In a false positive/positive case we have already done some analysing to reach the conclusion that the test gave faulty information. Both cases may reveal something important about the test object but more than that they tell that there is something wrong with the testing. Do we have enough information about the test object to be making statements by the test results? Do we need to do more research on the test object to make our tests better? Have we missed something important in the process? These results always require analysis on why the tests give false results in the first place.

False positive is basically a situtation, where we think that the test object is behaving the way we think it is. This result is corrupted by the defects in the test itself and thus the test gives a "pass" result. it could be that the test is concentrating on the wrong area or function, thus giving false information. Therein could lie a risk that we have not covered a critical part of the product with sufficient testing. The assertion in the test itself could be missing or not strict enough ("Check if there is a response of any kind." -> Soap error message.) To get this situation corrected, usually both the test and the teset object need to be analysed and possibly fixed.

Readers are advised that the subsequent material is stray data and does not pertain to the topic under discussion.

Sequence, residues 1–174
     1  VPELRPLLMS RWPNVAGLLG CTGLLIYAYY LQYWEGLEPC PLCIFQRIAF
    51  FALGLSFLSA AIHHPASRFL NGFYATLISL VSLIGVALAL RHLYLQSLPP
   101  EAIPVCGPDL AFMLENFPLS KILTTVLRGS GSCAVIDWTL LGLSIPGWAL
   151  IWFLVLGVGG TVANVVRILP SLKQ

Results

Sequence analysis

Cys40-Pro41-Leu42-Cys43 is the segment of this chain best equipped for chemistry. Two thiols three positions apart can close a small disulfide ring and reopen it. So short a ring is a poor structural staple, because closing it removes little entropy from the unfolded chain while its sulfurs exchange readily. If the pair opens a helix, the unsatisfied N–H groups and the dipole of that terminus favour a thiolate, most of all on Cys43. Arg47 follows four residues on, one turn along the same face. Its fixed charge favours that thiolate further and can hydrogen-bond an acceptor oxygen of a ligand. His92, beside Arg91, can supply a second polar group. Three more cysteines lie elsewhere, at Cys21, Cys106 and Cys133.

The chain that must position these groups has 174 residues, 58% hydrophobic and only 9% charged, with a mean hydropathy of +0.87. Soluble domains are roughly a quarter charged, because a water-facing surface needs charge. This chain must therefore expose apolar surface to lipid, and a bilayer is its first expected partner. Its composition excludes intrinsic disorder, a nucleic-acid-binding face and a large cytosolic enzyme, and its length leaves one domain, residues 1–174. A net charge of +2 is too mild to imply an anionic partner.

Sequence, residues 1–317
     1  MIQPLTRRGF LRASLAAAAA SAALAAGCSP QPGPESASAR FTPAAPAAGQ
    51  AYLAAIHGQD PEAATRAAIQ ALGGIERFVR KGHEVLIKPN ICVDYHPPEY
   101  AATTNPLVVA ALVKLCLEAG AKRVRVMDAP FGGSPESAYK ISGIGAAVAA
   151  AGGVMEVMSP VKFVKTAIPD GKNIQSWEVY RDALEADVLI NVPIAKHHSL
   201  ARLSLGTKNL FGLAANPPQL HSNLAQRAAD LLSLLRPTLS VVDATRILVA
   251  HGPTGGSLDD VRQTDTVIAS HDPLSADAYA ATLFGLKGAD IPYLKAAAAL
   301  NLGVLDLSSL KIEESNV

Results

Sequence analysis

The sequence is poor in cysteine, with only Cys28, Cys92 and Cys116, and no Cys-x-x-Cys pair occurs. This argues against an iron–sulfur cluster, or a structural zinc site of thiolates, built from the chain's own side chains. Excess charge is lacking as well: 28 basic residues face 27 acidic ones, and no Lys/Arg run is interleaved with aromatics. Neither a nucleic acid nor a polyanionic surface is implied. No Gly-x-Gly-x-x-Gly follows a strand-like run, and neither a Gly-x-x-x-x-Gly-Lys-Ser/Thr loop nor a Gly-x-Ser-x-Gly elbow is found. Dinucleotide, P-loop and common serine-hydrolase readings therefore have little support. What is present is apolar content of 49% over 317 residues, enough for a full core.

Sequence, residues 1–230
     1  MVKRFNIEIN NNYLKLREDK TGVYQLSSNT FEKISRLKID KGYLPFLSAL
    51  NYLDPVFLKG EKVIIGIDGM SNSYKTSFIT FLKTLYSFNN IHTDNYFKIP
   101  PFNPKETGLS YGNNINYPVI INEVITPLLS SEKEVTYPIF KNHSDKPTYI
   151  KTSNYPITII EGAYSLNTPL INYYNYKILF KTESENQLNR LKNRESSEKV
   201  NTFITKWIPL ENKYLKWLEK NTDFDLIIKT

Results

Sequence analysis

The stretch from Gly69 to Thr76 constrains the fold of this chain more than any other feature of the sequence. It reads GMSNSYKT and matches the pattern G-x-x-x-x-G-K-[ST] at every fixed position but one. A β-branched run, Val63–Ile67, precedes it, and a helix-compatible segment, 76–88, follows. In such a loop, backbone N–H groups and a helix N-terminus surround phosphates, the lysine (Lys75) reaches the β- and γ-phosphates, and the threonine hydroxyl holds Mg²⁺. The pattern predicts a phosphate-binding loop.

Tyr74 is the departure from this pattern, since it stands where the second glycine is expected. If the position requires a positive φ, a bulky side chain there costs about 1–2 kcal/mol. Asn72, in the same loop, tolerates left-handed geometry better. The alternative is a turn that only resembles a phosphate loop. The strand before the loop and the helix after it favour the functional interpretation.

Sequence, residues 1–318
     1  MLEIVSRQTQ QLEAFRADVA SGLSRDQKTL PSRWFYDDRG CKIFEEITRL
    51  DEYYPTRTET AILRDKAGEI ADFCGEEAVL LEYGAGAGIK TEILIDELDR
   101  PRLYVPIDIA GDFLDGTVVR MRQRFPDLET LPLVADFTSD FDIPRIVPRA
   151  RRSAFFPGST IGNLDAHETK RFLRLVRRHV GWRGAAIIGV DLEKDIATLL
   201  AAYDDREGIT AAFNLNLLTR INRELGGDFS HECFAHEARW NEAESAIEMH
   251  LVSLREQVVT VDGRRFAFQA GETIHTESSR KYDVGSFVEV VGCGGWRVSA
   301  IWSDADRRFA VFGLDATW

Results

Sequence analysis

False negative is a situation where the test gives a falsely prompted negative result to a test. Almost all the situations apply to this as in the false positive case. We may need to back up the result with additional tests to rule out the possibility that the test object is behaving incorrectly. We may be lacking in skill, we may have ignored something or simply there is a defect in the assertions.

Tests always reveal something, and it may be important